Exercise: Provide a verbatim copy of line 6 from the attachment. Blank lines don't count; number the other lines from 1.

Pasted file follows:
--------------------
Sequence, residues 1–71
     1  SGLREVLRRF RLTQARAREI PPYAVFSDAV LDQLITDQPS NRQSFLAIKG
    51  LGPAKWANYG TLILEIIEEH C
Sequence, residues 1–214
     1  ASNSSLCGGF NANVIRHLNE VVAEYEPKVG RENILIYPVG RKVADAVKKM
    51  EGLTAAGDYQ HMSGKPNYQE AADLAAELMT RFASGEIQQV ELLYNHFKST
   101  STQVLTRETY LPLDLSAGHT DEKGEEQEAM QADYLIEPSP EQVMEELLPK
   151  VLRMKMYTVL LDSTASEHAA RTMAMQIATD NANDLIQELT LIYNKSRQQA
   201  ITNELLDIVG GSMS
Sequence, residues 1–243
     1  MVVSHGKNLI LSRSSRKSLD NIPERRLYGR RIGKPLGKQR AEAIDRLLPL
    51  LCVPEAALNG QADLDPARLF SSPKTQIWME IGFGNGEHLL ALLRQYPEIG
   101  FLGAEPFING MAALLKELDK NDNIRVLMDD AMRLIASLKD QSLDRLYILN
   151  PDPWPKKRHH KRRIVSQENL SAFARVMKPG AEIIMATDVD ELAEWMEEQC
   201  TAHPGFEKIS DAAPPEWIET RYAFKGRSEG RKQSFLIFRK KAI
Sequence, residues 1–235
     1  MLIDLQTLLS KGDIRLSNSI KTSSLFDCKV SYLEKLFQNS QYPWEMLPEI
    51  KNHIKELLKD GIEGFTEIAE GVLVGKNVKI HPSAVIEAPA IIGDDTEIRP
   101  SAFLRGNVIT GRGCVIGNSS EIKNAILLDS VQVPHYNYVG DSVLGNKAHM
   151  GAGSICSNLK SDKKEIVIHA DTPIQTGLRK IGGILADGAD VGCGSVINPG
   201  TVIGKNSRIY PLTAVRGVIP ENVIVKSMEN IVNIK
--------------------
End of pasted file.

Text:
    51  EGLTAAGDYQ HMSGKPNYQE AADLAAELMT RFASGEIQQV ELLYNHFKST